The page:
U.S. officials are working to prevent an outbreak of the new coronavirus in a country outside of China, the head of the Centers for Disease Control and Prevention (CDC) said on Friday, as the United States said it was prepared to spend up to $100 million to help China and other impacted countries.
“I can say that we’re on a close watch around the world to see: Is there another country to starts to get what we call sustained human-to-human transmission,” Dr. Robert Redfield, the CDC director, said at a press conference in Washington.
There have been isolated cases in some two dozen countries outside of China, including the United States, Germany, and Australia, as well as occasional human-to-human transmission.
“What you’re really looking for is when you get a sustained human-to-human community-based transmission, and obviously being on the lookout for where that occurs and then try to get the collective effort of the world’s public health community to try to prevent a second China right now as we try to help China contain their outbreak they currently have,” Redfield said.
The vast majority of the cases have been inside China, where the new virus originated from a yet-to-be-confirmed source in December 2019. But countries across the world, including many without any confirmed cases, have taken a wide range of actions, including banning travelers from China and preventing cruise ships from docking at ports.
Asked for a prediction on what could happen next, health officials on President Donald Trump’s Coronavirus Task Force said there were simply too many unknowns.
The best scenario would be the Chinese successfully containing the virus, no more seeding in areas outside of China, and no sustained transmission in the parts of the world with travel-related cases, said Dr. Anthony Fauci, director of the National Institute of Allergy and Infectious Diseases.
“The thing that could happen—which we don’t know, and that’s the reason why we don’t predict—is … they don’t control it very well, or they do but it gets seeded in a country that doesn’t have the resources to be able to do the kind of identification, contact tracing, and isolation.”
U.S. officials are preparing for a worst-case scenario while hoping for the best one, he added.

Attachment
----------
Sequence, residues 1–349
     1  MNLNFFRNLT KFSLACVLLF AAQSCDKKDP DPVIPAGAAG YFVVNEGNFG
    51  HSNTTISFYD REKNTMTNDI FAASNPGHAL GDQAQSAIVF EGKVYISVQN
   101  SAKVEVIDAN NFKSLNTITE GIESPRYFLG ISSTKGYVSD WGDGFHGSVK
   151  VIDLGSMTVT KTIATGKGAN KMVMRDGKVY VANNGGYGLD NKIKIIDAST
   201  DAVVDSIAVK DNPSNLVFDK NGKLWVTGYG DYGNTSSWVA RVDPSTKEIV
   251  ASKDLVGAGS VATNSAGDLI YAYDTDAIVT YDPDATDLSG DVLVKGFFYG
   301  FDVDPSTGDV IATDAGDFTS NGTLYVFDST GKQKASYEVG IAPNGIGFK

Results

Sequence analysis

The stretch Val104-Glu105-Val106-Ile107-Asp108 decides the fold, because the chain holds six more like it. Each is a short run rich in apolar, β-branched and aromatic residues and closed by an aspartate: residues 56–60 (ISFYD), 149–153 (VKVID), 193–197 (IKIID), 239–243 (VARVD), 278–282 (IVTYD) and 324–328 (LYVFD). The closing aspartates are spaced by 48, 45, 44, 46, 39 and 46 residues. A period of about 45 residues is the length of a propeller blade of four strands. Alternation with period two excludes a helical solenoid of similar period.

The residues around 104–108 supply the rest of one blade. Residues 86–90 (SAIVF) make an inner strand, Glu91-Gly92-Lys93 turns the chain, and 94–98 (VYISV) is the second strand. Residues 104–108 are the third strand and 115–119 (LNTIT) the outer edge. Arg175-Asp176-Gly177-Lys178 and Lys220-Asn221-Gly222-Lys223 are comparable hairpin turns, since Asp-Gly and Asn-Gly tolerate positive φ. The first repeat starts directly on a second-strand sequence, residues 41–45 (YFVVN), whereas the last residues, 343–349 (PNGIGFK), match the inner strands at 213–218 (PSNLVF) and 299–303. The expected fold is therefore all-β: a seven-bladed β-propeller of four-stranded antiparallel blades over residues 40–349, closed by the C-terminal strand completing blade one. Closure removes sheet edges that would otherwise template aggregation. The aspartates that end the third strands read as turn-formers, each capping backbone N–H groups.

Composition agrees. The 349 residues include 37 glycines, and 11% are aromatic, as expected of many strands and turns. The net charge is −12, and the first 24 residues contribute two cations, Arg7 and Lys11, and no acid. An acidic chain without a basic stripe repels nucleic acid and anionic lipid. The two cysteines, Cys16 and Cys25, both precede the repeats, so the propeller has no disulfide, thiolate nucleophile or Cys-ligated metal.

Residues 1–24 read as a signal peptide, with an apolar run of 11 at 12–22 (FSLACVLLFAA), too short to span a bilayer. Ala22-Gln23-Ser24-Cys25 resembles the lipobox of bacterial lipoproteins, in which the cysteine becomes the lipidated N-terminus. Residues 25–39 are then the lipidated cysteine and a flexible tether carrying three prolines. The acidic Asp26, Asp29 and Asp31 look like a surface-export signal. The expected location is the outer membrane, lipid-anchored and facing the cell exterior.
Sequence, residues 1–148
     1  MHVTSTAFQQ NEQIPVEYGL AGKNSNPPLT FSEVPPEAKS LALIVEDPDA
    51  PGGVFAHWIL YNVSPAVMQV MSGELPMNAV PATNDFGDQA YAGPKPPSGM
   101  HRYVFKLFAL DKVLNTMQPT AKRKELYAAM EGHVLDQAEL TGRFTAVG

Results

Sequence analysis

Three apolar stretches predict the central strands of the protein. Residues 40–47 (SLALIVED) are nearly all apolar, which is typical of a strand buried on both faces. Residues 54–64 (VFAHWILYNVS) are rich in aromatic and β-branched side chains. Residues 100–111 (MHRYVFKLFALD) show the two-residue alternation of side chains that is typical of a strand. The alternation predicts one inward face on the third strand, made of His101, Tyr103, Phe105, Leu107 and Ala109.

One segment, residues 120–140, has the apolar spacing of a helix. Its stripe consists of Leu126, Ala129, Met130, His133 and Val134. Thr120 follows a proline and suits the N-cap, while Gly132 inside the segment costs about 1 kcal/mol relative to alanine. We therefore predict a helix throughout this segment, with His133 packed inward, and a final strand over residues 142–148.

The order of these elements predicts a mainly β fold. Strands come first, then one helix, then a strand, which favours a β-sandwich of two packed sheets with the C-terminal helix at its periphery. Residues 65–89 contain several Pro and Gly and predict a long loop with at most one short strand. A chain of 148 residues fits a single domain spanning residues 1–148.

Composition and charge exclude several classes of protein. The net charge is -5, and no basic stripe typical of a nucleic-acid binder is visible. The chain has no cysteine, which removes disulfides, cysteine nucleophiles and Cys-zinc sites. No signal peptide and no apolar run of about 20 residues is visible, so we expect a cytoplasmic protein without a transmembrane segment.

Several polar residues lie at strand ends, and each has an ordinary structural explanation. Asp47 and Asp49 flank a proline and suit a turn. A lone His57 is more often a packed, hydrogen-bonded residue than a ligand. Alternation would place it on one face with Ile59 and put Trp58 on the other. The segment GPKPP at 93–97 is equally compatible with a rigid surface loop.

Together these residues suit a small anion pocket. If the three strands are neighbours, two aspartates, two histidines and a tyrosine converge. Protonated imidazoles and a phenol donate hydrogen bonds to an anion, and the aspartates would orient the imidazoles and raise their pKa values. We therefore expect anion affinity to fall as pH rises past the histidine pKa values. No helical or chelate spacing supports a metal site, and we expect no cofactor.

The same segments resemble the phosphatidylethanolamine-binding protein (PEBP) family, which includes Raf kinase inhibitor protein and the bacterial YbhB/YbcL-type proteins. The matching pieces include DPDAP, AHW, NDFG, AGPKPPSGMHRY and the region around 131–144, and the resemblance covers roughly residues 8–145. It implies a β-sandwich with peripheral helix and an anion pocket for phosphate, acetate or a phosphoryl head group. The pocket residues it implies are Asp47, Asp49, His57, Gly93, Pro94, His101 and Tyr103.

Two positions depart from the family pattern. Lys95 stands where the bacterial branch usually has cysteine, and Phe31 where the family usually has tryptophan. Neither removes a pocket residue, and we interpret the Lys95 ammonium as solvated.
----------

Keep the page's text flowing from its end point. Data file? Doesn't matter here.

Redfield appeared to be the first U.S. official to confirm asymptomatic transmission of the virus when talking about having confidence in China’s CDC but still believing that the numbers released by the Chinese Communist Party don’t reflect the true impact of the virus. It’s “very clear” that people who aren’t showing symptoms “can, in fact, transmit the virus,” Redfield said.
“I think the challenge is, understanding more right now the spectrum of this illness. It does appear that you can actually have this infection and not have symptoms,” he said.
China has been looking at cases where the person was sick enough to go to a hospital, but “there’s been very little broader look at the spectrum of this to see how many people are truly infected,” he said. “We don’t think that the full extent of this outbreak has been defined through the spectrum of symptomatic, asymptomatic disease.”
The press conference came as the U.S. government said it was prepared to spend up to $100 million to help China and other impacted countries.
“This commitment—along with the hundreds of millions generously donated by the American private sector—demonstrates strong U.S. leadership in response to the outbreak,” Secretary of State Pompeo said in a statement.
The State Department said it has facilitated the transportation of nearly 17.8 tons of donated medical supplies to the Chinese people, including masks, gowns, gauze, respirators, and other vital materials.